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Perspectives on the Health Sector: challenges and opportunities

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1 Perspectives on the Health Sector: challenges and opportunities
José Gomes Temporão, MD, PhD Former Minister of Health ( ) South American Institute of Government in Health (Isags)

2 THE PRESENTATION 1-BACKGROUND 2- THE TRANSITIONS 3- HEALTH AND DEVELOPMENT 4-THE NEW SOUTH AMERICAN HEALTH CONTEXT

3 Brazil - Economic and Institutional Scenario
Macroeconomic stability (inflation, fiscal and monetary policies, etc.) Institutional strength (democracy, state organization) Stable growth trajectory GDP growth: 7,5 % Long Term Perspective: sustainable growth Perspective: 5th position in world Economy

4 Brazil: Social, Demographic and Health System Changes
Substantive improvement in social inclusion and income distribution Social assistance programs Expansion of middle class GINI index decrease: 9% from to 2009 (Ipeadata, 2010) Universal health system consolidation (Datasus, 2009) The primary “ Family health care program”: universal access Infant mortality rate: the biggest decrease in the last 10 years worldwide - 5,2%/year Life expectancy improvement (from 67 years in 1990 to 73 years in 2009)

5 The New Middle Class and Mass Market
5 The New Middle Class and Mass Market Distribution by social class % of population Fonte: IBGE Elaboração: Ministério da Fazenda 5

6 The Brazilian Health Reform and The SUS – Unified Health System

7 Democratic Constitution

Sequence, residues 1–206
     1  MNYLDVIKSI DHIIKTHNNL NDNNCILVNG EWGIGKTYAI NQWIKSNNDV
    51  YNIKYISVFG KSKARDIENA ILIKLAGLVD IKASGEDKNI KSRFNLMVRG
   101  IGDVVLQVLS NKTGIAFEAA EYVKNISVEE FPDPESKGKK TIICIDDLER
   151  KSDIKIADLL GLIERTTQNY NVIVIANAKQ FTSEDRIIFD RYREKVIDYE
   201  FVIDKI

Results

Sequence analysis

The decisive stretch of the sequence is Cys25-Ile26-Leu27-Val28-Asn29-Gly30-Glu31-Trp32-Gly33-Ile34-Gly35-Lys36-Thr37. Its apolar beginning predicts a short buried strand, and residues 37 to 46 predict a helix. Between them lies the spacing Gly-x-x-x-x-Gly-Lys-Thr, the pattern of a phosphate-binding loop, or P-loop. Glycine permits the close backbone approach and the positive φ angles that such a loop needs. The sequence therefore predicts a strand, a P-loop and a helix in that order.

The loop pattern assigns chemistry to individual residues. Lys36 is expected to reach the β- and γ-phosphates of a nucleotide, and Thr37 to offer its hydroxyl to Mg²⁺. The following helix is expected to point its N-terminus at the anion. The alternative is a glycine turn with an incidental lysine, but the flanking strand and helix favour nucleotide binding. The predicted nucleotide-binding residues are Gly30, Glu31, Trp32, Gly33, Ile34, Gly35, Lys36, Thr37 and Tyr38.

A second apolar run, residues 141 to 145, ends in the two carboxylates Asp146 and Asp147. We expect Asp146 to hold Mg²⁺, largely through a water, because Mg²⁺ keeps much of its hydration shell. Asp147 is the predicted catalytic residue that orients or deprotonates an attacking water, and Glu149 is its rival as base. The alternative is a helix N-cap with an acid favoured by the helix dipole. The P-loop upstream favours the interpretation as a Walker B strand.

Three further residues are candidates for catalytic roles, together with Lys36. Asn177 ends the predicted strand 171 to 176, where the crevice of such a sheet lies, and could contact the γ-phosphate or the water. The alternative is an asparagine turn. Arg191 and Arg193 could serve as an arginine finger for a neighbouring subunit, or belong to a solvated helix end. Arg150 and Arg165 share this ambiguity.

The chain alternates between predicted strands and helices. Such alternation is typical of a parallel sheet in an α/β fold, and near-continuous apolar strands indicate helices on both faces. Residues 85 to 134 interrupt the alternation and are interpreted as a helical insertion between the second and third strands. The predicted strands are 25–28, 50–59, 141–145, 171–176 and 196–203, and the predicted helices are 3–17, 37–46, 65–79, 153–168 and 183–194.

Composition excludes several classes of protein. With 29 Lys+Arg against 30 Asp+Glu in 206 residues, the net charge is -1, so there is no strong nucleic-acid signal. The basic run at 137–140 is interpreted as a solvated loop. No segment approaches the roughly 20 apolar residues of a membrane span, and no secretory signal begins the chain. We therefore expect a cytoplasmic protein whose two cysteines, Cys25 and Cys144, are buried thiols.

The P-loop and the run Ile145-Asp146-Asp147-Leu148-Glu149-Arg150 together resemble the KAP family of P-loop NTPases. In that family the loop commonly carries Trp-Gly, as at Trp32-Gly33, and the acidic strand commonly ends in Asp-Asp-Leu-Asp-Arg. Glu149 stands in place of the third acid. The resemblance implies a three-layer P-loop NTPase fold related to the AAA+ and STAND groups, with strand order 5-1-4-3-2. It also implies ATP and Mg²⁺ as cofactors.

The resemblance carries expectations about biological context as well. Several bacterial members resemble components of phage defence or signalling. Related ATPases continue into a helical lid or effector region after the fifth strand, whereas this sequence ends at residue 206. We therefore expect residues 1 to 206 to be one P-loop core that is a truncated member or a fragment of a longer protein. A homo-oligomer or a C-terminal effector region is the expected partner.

1980’s: After dictatorship’s end a new Democratic Constitution is proclaimed Democratic Constitution National (Unified) Health System Fragmented system Health as Universal Right Health as State duty Decentralized to states and municipalities Public/Private mix Social participation at all levels Private services for those who could afford Social Security for sectors formally employed Public health for endemics and epidemic hazards 1988 1960 1970 1980 1990 2000 2010 7

8 SUS – Unified Health System
SUS Indicators 75% of the Brazilian population depend on SUS 6,000 hospitals 64,000 primary care units 30,000 family health care teams 2,3 billion ambulatory appointments 12 million hospital admissions 9 million chemo- and radiotherapy procedures 19 thousand transplants sponsored by SUS 1 million CT scans and 160,000 Magnetic Ressonance 8 million hemodialyses procedures SUS Characteristics Universality: SUS, as the Brazilian public system, provides healthcare for all, regardless of distinctions and restrictions; Unity: one system composed of decentralized unities managed by different governmental levels (Federal, State and Local/Municipal)

9 NATIONAL HEALTH SYSTEM (SUS)
More than 75% of the Brazilian population depends exclusively on SUS (150 million people) for its health needs The other 25% has private coverture but uses also the SUS (transplants, high cost drugs, emergency care, vaccines, Aids etc) 9

10 Private System: Insurance Health Plans Revenue (Brazil, 2000 to 2009)
Balança Comercial 2007 – Igual ao feito para a Índia Note: revenue growth is also the result of improved collection of information by ANS, expressing only partly real growth.

11 Targeting equity BRAZIL: an unequal country that chose to build a universal health system
This picture is “worth a thousand words”, as the saying goes. It is a graphic example of the social contrasts we face, where the upper classes coexist literally wall to wall with the less favored segments of our society. It is in this context of social and economics contrasts, as this picture well illustrates, which pose enormous challenges to the progress of our society, that Brazil was able to implant a universal Health System where all, no exceptions, have the right to integral and free care. 11 11